This is space and place as inspiration. This is to do with a response, a reaction, a study, whereas my own endeavours are to do with situating a piece of my own work, and in situating it in a particular place at a particular time seeking to uncover some kind of evidence of the influence of me in my time and in this particular place -and what it has inferred onto the compositions.

Underlying this is something congruent with the body under stress. The mind feels calm and in control, but the body, erupting in eczema, chest pains, weakness, vomiting and shaking – would suggest that there is something that the physical, the elemental, the corporeal can tell the mind that it doesn’t know about itself. This is me. My time. My place. My work. Within me and without me. The extended me, reaching across the home, the studio and the landscape I inhabit at the time of nurturing the compositions from black bedrock.

Musicians and theorists have, in the past, come from a number of angles to focus on the relationship between land, geography, geology and music, whether it be vocal styling informed by the natural reverberations of particular spaces (see, for example the call and response of Hebridean Gaelic free heterophonic psalm singing – featuring the call of a preceptor and the response of the congregation, and the sound of waves rolling along shale and shingle island shores), or the tracing across continents of melodic lines and rhythms that suggest how musical form has traveled with nomadic tribes out from India, out from Africa and into the folk traditions of Western Europe and America. (In fact, the illustration from the first example – psalms echoing the rolling of Hebridean waves – is also proposed to form a foundation root of Black American music)

It is, I think, a more difficult task, and here I have Susan in mind, to reach back into time and draw forth evidence of musical tradition, its contribution to its time, its connection to its own landscape, and, more abstractly, its purpose in being brought forward from the past. One has to take special care in sidestepping the sentimentality that invariably sweetens the ineffable qualities of nostalgia. I am curious to learn whether she has any attachment to the region beyond her regular associations with the AV Festival, or whether there is just purely objective curiosity looking for source material from which to allow her own internalised compositions to crystallize and grow.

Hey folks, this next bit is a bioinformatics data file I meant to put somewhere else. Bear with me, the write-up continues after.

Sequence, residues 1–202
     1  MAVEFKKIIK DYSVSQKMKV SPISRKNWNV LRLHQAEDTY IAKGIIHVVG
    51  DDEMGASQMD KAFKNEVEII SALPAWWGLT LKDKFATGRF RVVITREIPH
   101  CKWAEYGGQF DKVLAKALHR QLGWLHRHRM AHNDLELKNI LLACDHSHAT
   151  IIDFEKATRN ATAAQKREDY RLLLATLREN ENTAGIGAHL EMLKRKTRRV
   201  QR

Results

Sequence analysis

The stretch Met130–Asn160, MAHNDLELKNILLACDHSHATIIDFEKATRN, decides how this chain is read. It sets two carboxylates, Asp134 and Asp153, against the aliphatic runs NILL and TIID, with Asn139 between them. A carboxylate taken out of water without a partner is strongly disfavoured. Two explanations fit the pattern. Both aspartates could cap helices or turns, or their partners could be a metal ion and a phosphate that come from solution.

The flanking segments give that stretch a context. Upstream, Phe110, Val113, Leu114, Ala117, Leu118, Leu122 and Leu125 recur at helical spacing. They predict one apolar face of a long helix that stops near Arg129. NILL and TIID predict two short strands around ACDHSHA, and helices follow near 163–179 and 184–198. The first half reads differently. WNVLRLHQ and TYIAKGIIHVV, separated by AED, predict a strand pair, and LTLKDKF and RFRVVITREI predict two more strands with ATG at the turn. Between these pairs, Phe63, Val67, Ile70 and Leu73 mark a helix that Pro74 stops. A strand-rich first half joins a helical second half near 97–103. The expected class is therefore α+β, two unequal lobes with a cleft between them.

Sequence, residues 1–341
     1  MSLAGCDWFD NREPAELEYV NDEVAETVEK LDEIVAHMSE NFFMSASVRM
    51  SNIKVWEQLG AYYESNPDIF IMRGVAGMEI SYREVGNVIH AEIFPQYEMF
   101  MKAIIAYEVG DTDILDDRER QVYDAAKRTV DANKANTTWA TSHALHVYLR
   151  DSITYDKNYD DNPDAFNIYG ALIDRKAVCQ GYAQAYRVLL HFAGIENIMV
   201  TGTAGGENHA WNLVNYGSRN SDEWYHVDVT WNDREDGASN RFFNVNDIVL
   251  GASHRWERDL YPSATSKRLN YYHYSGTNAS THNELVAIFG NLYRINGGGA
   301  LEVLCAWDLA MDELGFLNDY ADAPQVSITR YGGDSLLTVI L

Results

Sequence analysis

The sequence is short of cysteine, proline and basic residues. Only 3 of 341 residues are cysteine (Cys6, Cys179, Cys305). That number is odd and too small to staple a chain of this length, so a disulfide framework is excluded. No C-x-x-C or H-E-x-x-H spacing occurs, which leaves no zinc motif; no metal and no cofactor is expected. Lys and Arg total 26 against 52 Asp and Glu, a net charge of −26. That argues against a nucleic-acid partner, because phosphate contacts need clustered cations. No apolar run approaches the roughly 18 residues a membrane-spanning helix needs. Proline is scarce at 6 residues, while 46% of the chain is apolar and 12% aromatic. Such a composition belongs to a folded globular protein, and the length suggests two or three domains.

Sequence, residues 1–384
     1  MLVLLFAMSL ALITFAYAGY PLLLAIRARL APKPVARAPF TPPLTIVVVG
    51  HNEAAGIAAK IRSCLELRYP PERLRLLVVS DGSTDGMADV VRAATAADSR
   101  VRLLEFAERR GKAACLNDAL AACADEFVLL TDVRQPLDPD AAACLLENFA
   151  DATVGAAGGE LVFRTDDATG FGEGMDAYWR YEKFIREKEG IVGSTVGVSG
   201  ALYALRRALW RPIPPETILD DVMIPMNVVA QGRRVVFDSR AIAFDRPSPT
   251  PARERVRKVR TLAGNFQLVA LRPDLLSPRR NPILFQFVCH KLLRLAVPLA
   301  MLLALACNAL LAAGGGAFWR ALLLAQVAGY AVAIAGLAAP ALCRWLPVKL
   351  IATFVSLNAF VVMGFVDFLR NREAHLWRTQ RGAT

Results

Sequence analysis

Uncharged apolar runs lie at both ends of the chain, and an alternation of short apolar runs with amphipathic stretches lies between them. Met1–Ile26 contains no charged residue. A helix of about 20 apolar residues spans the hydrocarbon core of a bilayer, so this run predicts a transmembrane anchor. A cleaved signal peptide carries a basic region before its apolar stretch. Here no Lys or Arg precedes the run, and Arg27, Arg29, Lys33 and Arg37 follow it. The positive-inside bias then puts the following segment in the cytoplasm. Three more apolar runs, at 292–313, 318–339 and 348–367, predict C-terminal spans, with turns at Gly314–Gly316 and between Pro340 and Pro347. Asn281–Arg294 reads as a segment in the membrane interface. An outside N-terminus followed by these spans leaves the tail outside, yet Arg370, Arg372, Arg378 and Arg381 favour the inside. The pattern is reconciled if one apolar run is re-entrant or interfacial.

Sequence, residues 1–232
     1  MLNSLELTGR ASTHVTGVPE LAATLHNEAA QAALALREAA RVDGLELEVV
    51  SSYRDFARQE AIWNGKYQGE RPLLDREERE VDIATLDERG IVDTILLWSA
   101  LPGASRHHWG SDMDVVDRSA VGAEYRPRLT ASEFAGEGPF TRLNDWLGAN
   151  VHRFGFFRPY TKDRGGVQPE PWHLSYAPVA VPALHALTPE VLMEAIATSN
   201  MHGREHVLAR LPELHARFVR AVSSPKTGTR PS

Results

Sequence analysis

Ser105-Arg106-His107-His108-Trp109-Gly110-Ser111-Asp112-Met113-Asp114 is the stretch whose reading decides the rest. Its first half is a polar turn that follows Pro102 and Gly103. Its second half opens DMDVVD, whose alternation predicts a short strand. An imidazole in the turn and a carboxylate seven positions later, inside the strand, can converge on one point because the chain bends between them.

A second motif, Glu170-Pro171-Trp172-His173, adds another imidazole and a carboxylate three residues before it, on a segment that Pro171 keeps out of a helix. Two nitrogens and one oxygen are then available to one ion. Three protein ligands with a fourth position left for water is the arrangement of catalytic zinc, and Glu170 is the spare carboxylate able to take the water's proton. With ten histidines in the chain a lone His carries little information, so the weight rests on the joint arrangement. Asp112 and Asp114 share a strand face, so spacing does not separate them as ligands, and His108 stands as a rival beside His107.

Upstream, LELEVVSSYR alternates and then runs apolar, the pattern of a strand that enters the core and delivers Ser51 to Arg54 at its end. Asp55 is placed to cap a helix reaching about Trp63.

We have only been able to capture and fix sonic prints of time and place for little over 100 years – a century which seems, co-incidentally to be perceived as a time when traditions in music and performance are swiftly eroding inline with our broader cultural and social drive towards virtualising ourselves. 

Archivists are concerned with the past, ensuring that evidence remains intact for as long a time as possible, and establishing the mechanisms whereby the lessons learned, thoughts sparked, subsequent consequences can maintain a voice at the table of contemporary concerns. My concern, achievable only through inventions established relatively recently (well within my lifetime if we restrict the definition of recording to portable, digital, consumer level), is to fix the present, know the present more thoroughly, and send an accurate representation of the present back in time – or perhaps more accurately fix it to the ground so that it remains fixed as time and entropy continue with their business.